Energy transition

Hydrogen is a key element in the energy transition due to its great potential to help decarbonise the economy and reduce fossil fuel imports, enabling a higher penetration of renewable energy into the energy mix and a large contribution to circular economy.

Thanks to the potential applications of hydrogen in basic sectors such as energy, industry and transport, it will become a key element in the global economy over the next few decades, as countries work to reduce greenhouse gas emissions as per the Paris Agreement in line with the EU’s pledges to achieve carbon neutrality by 2050.

Various national and international organisations are reviewing and adapting their strategies and initiatives aimed at increasing the penetration and use of hydrogen in our different economic sectors.


European Commission’s Hydrogen Strategy

Within the framework of the European Green Deal and regarding the “New Industrial Strategy for Europe” and its recovery plan.


6 GW of renewable H2 produced by electrolysis in the European Union by 2024; and 40 GW of renewable H2 by 2030. Additional R&D&I efforts are also required to this end.

Spain’s Hydrogen Roadmap

The result of the participation of various economic agents, administrations and citizens who have made their contributions, especially through the proposal of numerous innovative projects.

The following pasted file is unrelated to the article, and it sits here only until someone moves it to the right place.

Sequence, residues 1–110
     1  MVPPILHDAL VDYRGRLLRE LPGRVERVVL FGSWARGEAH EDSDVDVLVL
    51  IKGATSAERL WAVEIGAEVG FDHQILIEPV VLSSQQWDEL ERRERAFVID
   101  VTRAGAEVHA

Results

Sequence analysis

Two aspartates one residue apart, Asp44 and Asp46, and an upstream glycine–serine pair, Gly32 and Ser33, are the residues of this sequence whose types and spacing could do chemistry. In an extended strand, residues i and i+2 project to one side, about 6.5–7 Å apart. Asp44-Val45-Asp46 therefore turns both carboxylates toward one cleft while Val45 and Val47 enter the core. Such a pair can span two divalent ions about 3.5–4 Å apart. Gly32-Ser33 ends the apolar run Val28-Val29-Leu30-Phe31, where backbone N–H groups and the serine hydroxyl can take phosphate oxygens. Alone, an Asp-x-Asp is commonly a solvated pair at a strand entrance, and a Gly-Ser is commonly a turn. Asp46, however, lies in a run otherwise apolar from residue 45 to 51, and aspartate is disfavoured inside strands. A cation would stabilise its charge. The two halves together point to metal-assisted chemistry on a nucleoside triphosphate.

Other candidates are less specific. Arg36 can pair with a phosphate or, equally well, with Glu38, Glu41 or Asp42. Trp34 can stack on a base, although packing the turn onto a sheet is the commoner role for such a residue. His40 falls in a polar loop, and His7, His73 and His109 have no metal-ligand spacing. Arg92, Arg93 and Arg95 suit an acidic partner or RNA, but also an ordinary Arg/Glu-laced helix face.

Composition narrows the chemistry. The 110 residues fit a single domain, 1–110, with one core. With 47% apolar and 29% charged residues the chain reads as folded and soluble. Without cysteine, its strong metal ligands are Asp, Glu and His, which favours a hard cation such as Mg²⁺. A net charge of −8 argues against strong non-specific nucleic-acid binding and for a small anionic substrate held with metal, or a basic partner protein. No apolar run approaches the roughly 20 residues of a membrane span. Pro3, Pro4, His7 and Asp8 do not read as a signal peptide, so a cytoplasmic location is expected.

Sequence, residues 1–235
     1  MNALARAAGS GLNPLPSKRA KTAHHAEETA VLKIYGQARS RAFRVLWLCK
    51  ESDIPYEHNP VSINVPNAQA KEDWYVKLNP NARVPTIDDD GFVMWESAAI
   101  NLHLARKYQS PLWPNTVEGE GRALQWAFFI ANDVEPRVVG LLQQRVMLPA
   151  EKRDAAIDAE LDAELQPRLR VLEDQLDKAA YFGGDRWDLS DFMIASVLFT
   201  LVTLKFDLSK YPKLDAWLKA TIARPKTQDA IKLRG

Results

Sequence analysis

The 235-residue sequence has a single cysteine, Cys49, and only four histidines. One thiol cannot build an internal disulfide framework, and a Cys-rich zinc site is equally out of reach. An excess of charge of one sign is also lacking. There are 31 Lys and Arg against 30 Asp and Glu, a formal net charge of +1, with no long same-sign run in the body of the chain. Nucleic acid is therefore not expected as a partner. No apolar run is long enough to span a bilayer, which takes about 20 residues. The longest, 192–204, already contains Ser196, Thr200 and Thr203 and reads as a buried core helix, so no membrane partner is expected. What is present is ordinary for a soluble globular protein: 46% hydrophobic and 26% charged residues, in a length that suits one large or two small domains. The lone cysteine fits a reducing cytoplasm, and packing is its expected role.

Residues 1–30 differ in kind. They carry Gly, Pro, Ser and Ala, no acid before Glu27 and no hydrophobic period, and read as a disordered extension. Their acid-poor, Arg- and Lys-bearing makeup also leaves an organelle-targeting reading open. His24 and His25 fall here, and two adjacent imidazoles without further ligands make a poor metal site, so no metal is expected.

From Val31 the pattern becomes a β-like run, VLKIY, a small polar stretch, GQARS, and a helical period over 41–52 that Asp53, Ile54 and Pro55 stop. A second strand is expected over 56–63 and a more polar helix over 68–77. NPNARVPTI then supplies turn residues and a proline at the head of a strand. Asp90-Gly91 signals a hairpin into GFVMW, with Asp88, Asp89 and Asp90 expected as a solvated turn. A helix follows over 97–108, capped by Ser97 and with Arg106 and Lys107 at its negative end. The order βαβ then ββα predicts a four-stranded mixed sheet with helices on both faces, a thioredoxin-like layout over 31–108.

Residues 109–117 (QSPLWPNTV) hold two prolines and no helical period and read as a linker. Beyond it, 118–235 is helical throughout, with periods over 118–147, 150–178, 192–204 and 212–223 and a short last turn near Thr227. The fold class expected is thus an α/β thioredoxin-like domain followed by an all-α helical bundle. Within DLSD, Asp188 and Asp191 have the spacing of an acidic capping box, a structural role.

By 2030 4 GW of hydrogen produced by electrolysis, minimum contribution of 25% of renewable hydrogen to industry, creation of a Hydrogen Refuelling Station network, bus fleet, light vehicles, etc.


Establish quantitative targets for 2030 to monitor the degree of development of the local hydrogen market.


To promote the creation of an H2 ecosystem based on the production of renewable H2 and on infrastructure that supports the local market and provides a base to establish a leading international logistics centre.


However, practically all the hydrogen currently produced globally comes from fossil fuels: natural gas reforming or coal gasification. These hydrogen-generating processes produce carbon dioxide as a by-product.

In this context, which is favourable to the development and implementation of hydrogen technologies, as mentioned above, it is necessary to develop innovative technologies generating green hydrogen which:

minimise costs

Reduce CO2 emissions and the use of critical materials

improve the output of the hydrogen production process compared to current technologies